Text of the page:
Documentation – Small Book – 1992

Document – Small Book – 1992

1. Gallery

The Walls of the Gallery

2. Gallery

The Act of Noticing

3. Gallery

The Prisms Channel

The Walls of the Gallery become more expedient as a bridge across that which divides the courtyard. In the process it takes on the characteristics of the viewers perception of the framing edge of the wall, cutting out wedges of viewed material, in a sculptural sense. These wedges act as prisms laid along-side each other, to channel light along their lengths into the gallery and, ultimately, into the viewers eye. In the courtyard this division turns round the limits of the walls, introducing perspective curving akin to gravitational space.

The Act of Noticing: the first moment of viewing sets up a program of incidences, between the viewer and the viewed. Note: the viewer looks out to the incidences before him. The incidences project back and into the eye of the viewer. The drawing is unrelated to the act of viewing. It tries to understand what you see in relation to what is thought to be there. An imaginative movement from your eye out to the position from which the picture is drawn /or which the picture represent.

The Prisms Channel two ‘world lines’ of light through their material and the material that creates the curve in spatial perception (conceivably this may be a function of the eye-ball). Looking at this arrangement in reality we do not see these bodies but only their composite actions.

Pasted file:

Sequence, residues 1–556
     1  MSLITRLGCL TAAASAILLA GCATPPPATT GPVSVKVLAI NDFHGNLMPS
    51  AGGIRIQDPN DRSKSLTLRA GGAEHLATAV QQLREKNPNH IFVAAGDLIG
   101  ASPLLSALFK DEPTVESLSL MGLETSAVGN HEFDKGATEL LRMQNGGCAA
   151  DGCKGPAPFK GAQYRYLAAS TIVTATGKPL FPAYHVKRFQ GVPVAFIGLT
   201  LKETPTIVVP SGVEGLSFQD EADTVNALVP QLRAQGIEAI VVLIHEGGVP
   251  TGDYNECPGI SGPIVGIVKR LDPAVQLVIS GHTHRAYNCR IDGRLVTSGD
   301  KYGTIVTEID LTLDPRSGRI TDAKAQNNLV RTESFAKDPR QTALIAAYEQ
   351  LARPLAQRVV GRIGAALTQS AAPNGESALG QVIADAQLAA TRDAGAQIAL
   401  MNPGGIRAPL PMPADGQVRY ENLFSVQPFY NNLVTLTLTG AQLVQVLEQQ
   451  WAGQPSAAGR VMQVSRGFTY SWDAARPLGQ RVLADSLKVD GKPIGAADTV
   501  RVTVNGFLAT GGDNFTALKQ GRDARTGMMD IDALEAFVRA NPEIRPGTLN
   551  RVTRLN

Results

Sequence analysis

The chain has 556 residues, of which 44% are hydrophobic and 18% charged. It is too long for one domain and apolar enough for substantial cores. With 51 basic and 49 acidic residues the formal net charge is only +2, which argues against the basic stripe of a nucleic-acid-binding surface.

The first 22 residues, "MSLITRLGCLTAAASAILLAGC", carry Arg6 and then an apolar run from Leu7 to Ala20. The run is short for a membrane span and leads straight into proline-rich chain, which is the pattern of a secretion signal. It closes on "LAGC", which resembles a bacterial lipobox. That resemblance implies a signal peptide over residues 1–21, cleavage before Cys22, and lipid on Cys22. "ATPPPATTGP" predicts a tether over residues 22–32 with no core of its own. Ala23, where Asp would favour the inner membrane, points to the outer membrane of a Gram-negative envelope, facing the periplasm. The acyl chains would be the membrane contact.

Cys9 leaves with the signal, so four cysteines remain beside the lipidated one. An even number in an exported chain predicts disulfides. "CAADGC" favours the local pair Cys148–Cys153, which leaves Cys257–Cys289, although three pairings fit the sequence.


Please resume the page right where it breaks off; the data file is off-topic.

Tracey Moffatt & Smadar Dreyfus at Victoria Miro Gallery

Victoria Miro Gallery

16 Wharf Road (map)


Tracey Moffatt


Comic-strip-style panels combining photos with painted scenes. A small cast of characters enacting emotionally over-the-top, clichéd, melodramatic, daytime TV fantasies.

This review by Katherine Bovee on PORT presents some parallels to my experience of Tracey Moffatt’s work:

At Galerie Emmanuel Perrotin, Naomi Fisher’s savage women frolicked amidst lush green flora, apparently situated in somebody’s extended fantasy involving tropical islands and hot girls. Her photographs look like high-end fashion shoots that are trying to look like an updated version of campy Italian films. Her drawings feature luridly colored portraits of females with vacuous, blood-red eyes. Fisher plays out taboo fantasies to a highly choreographed end – the hyper-sexed woman, the hysteric woman, the savage woman, the mother-nature-goddess woman.